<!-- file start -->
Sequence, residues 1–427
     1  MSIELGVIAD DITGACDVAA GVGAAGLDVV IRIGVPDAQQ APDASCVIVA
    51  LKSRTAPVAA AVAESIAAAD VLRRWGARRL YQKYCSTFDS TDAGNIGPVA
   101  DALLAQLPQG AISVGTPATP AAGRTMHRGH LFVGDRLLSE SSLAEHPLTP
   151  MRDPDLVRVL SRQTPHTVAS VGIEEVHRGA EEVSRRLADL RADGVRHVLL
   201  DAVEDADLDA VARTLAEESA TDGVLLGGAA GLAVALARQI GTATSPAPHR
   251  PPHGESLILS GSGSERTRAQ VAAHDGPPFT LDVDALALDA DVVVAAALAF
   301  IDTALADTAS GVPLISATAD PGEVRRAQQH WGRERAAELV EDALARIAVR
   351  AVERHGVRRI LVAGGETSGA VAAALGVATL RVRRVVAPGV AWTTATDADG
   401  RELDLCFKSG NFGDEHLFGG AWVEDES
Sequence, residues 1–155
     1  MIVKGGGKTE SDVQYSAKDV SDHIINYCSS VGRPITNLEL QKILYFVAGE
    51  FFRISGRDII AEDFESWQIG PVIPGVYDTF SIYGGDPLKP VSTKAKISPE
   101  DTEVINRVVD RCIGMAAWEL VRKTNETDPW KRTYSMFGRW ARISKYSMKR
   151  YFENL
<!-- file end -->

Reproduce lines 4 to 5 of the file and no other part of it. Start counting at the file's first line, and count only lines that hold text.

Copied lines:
   101  DALLAQLPQG AISVGTPATP AAGRTMHRGH LFVGDRLLSE SSLAEHPLTP
   151  MRDPDLVRVL SRQTPHTVAS VGIEEVHRGA EEVSRRLADL RADGVRHVLL